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Mercedes-Benz Gives Up On Manuals: Report

Illustration for article titled Mercedes-Benz Gives Up On Manuals: Report
Photo: Mercedes Benz

It truly is a dark day for American luxury car buyers. First, we lost the Jaguar XE and XF Sportbrake, and now Mercedes-Benz executives have reportedly determined that the development of manual transmission in its cars is too expensive, so the company won’t make any more. The Mercedes manual is dead.

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Automotive journalist Greg Kable tweeted a quote from Marcus Schaeffer, the current boss of Mercedes-Benz research and development, claiming cost-cutting measures led to the decision to ax the stick:

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Jalopnik reached out to Mercedes to confirm the statement and will update when we get more information.

Mercedes hasn’t sold a manual transmission on a car in the U.S. since the death of the 2015 SLK 250, so this news will only actually be a big deal for the Europeans and the rest of the globe. But still, finding a wacky Mercedes you’d never dream of seeing back home getting its gearbox thrashed by a cab driver while traveling out of the states is a treasured experience, one that shouldn’t be retired. Good thing there are likely still millions of them on the road. It’s also sad to know we can stop asking if we’ll ever get another manual Mercedes in the U.S. because the answer is now a pretty clear no.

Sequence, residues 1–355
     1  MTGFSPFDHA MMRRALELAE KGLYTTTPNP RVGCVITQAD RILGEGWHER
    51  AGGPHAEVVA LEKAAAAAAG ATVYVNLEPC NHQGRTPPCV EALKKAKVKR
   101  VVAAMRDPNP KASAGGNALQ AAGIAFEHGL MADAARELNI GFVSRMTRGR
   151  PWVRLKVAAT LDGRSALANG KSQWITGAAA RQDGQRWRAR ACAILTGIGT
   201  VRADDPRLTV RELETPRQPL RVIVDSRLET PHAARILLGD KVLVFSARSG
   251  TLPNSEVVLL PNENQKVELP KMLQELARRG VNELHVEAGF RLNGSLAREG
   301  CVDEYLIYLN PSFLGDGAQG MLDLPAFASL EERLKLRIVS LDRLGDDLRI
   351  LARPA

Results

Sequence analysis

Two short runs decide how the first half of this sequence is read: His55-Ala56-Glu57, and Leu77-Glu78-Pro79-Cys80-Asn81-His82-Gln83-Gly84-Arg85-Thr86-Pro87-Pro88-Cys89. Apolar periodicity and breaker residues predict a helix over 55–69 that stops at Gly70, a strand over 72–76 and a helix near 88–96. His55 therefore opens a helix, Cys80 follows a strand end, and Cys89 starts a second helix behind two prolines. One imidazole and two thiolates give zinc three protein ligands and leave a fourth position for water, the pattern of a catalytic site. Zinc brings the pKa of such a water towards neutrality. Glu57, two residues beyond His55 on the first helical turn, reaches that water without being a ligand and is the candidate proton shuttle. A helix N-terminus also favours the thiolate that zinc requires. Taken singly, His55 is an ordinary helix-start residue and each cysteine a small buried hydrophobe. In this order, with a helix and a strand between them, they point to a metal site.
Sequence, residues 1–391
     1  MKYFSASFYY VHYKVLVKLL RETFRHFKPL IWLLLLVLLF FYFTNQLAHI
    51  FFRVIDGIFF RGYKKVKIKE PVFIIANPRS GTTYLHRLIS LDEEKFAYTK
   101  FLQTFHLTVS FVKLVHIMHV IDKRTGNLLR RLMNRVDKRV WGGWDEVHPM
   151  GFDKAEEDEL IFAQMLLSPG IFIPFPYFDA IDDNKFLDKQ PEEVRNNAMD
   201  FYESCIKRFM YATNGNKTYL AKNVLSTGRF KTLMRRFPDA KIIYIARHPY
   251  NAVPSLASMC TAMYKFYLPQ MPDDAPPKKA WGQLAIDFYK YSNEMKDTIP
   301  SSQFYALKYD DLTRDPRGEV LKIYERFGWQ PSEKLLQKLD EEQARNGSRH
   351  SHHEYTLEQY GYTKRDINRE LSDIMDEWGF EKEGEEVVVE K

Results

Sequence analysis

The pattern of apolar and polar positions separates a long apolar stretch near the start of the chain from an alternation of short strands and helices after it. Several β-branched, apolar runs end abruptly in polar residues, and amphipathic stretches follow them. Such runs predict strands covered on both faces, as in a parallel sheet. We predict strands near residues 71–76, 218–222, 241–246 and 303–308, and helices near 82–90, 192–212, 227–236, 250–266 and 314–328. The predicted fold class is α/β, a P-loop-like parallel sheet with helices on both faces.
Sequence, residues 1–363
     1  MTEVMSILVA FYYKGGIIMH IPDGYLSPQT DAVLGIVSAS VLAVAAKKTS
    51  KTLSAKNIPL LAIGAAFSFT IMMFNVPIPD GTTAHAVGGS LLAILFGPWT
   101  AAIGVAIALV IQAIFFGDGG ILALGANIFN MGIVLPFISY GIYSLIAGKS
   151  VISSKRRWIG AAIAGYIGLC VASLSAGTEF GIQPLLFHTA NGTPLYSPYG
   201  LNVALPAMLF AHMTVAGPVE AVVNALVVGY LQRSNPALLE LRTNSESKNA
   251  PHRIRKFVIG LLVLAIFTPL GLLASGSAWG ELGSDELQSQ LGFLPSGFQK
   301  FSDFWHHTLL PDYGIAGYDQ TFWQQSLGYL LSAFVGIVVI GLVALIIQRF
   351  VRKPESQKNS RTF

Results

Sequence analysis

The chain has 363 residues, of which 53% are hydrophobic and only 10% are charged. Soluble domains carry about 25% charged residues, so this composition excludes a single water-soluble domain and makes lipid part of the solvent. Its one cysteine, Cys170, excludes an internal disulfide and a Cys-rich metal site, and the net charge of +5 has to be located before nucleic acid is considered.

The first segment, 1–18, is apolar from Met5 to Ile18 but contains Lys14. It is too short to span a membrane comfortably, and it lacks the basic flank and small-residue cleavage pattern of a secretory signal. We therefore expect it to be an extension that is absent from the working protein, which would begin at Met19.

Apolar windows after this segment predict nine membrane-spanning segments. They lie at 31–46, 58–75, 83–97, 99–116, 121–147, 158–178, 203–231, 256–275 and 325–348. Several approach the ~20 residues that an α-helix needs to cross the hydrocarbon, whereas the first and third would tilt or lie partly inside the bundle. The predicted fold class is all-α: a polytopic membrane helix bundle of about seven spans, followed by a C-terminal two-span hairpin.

The other stuff, like the claim of a “very dramatic reduction in combustion engines,” aren’t all that surprising. Mercedes has been developing new hybrid and electric drivetrains for years, so to see EVs finally start to replace some of the wide variety of gas and diesel engines the German automaker currently offers across its vast lineup actually makes sense. Just as long as that new mild-hybrid inline-six engine sticks around a while longer.

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Perhaps it’s that electrification of the lineup that also pushes harder against the rather romantic notion of a manual transmission. What good is a manual if your car has an electric motor with its own gearing or max a two-speed transmission like on the Porsche Taycan? One or two speeds should just be automatic, I have to admit. Then again, an electric car with engineered gearing that is manually operated by the driver would be cool—it just doesn’t seem very Mercedes.

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DISCUSSION

jbbush
TotallyThatStupid

I say this as a diehard manual owner (up until about six months ago, we hadn’t had an automatic in years, and it was actually a Mercedes): While the death of any three-pedal manual is sad, I can’t help but think, “Whatever.”

Look, nobody is actually buying mainstream-carline manuals new from BMW, a renown maker of superb sticks literally forever. While Benz has offered many manuals over the years, the take-rate at this point must be minuscule, even in Europe. There is literally no point for MB to make manuals other than maybe for the Jalopnik digerati to comment on it.

“Making Cars Is Hard” :: No, engineering cars is hard, and selling cars is harder.